Lessons Learned Trying to Build a Sustainable Software Business
For the past year I’ve tried to build a sustainable software product business. I experienced more failure in this season than any point in my life. I also stumbled across a few things that worked out well. In an attempt to not waste any of it, I’d like to document a few of them here.
What didn’t work
Any and all attempts at marketing
Trying to talk to my target market was like shouting into the void. Nothing I could do or say was compelling. Being compelling is partially about what you’re doing and partially about how you talk about it. I failed catastrophically on both fronts.
If I do something like this again I’d prefer to have a cofounder. Someone to debrief with. Someone to bounce ideas off of. Someone with their own scope of work. It changes the dynamic of getting feedback from “who have I not bothered recently about my project” to “this person wants this to be the best thing possible so I should let them see what I just made”. Or I could have formed an advisory board and given them each a small ownership stake.
Hard product pushes
At one point I took a 3 day work-cation this spring to help wrap up a big chunk of work. We have a small rv, so I drove it to a state park 45 minutes away with the plan of making some big progress. Between the planning, booking, driving, and setting up it wasn’t any better use of my time. There are diminishing returns on additional hours past a normal workday. I might have been slightly more productive if it was a longer trip but even then the returns would have been marginal.
What was a mixed bag
Prioritizing my learning
I partially chose my product based on the thought that “well if this doesn’t pan out at least I’ll have experience with technology x, y and z.” This turned out to be true. I became a competent Elm developer. I have more experience with WebRTC than anyone I know. This might turn out to be valuable, but it did not help me iterate as fast as possible to find product market fit. Deprioritizing my technical learning would have increased my chance of success.
Things that went well
Making a Podcast
Making a podcast was the most positive thing I did. I got lots of good feedback, got to have interesting conversations with people that I like and admire. It was a big investment in time though (~30 hours per episode). If I were to do it again I’d livestream the recording and then publish the audio unedited.
Regular contact with friends
I had a few friends that I’d video chat with on a semi regular basis that helped me keep sane.
Publishing a daily standup
For the last few months of the project I published a short daily standup about what I was working on and what I’d been thinking about. These almost never got more than a few views. It did help me prioritize my day inside of the void of outside feedback. It also helped me keep myself accountable to what I’d said I would do in previous days. I would probably have stopped sharing these to twitter earlier than I did, because (almost) no one was interested in them.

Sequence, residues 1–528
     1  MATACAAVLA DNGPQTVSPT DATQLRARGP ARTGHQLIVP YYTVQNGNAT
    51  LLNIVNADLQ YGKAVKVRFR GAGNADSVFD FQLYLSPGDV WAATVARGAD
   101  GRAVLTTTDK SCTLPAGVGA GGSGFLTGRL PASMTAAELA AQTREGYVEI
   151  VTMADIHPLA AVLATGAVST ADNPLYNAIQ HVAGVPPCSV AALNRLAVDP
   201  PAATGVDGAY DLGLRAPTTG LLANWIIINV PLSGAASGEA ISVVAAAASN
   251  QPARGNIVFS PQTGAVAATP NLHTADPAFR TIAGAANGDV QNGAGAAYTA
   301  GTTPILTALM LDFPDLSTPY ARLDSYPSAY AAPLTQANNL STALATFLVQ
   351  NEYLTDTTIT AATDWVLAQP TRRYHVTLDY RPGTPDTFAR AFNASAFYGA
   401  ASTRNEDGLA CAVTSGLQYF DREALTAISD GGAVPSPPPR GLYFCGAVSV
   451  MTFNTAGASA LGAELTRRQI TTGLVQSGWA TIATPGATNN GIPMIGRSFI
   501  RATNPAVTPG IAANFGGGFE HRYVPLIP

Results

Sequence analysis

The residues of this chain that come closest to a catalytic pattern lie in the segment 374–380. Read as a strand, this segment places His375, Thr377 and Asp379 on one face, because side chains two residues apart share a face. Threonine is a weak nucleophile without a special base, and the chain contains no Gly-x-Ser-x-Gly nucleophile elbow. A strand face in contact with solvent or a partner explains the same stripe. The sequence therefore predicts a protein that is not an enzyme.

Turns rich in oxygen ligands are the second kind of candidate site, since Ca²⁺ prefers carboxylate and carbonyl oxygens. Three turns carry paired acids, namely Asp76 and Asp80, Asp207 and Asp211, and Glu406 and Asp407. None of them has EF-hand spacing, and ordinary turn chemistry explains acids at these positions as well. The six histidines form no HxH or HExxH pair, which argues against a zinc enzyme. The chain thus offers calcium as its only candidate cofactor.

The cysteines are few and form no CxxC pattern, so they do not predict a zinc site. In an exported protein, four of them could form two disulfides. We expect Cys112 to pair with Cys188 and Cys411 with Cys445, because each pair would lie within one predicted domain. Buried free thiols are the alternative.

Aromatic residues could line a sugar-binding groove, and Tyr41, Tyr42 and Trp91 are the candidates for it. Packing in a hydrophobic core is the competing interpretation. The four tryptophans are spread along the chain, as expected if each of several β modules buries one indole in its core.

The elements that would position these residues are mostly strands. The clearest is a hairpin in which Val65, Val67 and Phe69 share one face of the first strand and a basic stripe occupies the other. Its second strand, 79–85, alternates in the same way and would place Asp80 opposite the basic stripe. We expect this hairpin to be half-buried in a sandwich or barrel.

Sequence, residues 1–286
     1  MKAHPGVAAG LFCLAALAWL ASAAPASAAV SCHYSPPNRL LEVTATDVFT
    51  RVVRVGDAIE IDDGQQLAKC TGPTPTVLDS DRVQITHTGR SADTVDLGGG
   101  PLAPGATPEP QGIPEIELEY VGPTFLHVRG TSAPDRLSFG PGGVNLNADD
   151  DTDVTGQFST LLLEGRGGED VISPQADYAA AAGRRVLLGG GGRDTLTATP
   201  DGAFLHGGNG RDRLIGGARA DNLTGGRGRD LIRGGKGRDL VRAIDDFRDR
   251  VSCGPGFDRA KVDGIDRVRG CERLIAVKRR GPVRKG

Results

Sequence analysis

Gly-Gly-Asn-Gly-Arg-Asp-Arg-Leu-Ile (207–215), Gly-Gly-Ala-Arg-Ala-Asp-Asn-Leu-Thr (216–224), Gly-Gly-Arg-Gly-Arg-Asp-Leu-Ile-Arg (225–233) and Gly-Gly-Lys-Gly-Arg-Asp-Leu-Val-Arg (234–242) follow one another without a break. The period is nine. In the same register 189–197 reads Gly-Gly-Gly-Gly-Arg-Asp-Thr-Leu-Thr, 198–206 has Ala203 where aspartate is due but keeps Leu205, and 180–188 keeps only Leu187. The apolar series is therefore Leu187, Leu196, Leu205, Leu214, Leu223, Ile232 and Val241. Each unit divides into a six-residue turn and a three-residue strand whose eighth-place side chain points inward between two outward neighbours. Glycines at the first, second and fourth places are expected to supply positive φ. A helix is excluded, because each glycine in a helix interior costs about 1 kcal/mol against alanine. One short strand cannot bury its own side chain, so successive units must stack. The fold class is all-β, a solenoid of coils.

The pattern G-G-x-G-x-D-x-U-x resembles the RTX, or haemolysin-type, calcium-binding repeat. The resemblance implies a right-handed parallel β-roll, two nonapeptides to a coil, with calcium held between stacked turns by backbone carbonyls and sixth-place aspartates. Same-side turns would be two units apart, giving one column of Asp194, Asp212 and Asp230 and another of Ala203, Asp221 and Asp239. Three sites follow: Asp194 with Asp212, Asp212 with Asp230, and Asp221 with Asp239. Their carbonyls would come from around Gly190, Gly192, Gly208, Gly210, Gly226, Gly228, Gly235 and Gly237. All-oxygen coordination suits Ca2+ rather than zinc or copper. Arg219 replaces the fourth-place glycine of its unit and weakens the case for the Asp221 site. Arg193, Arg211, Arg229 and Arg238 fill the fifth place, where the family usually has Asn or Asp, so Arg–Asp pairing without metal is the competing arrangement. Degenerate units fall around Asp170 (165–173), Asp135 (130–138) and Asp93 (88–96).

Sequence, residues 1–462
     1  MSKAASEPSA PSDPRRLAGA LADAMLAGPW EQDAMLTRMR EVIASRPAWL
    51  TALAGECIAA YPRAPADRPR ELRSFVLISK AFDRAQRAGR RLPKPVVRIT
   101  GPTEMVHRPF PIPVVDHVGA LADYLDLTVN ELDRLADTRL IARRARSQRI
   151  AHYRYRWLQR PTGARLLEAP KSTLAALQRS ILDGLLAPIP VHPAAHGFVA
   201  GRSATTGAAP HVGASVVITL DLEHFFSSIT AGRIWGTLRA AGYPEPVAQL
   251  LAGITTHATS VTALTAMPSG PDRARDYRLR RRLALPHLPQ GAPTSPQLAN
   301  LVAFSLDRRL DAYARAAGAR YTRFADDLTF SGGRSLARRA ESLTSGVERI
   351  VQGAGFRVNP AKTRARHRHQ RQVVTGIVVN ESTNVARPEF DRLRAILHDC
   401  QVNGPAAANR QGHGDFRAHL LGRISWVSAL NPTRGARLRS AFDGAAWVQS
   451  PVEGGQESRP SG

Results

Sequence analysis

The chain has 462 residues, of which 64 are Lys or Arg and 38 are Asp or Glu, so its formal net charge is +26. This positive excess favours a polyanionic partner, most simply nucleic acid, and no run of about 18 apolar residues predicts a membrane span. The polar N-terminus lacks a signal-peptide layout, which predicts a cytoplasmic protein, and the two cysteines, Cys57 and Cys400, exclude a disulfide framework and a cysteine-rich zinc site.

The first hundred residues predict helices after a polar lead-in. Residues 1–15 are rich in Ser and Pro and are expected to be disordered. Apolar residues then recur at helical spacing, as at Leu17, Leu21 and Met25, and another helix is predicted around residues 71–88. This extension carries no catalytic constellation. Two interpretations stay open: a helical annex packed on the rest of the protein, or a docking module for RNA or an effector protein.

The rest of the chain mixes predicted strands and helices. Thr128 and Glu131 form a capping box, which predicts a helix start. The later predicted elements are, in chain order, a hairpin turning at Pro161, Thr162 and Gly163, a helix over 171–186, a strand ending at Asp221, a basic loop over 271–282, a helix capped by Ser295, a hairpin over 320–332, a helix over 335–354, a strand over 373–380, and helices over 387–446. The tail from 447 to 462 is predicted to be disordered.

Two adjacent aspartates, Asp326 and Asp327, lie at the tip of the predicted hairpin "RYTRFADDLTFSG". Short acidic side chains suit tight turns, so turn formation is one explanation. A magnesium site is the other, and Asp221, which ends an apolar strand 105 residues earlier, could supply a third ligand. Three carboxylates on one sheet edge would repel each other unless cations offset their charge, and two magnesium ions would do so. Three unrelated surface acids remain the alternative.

Increased flexibility for family
My oldest son started kindergarten this year at a school a mile from our house. I got to ride bikes with him there and back many times a week. I could have arranged doing this at my last job, but the freedom to not have to coordinate was huge. We had our third child this past January. I was able to take a good deal of time off at the beginning but then very slowly ramp up my workload.
The first few months I did some pretty extreme time tracking. I accounted for every minute of the day (sleeping and awake). This provided accountability and helped identify time I was working but wasn’t being effective.
I started out strong with retrospectives and by the end they were fewer and farther between. There was a set of questions that I would run though and update each week. They were:
- Daily number of hours tracked
- Daily number of productive hours
- How am I wasting time?
- How am I being productive?
- How do I feel about the week?
- Who was helpful?
- What needs to change?
- What am I afraid of?
- Who should I be asking for help?
- How well did I treat my [each member of my family]? (1..10)
- What is the 20% that is producing 80% of my results?
- What things could I automate?
- What will I accomplish next week?
Spending money to solve problems
Solving problems by buying stuff was always the most productive use of resources. Homepage templates, artwork, email templates all saved months of work for very little cost.
Quitting mid year
Paying taxes for half the year expecting to make 2x more creates a nice tax return that gave us some extra padding.
Maintaining a burndown chart
I tracked expenses monthly and projected those averages out into the future. It was helpful in making decisions about what to focus on as well as helped keep our family spending in check. We did well cutting back our spending while still being able to do lots fun stuff together.
Maintaining normal working hours
Keeping normal work hours was great. It helped me keep family obligations, gave my subconscious a chance to work problems, and helped my family respect of my work time.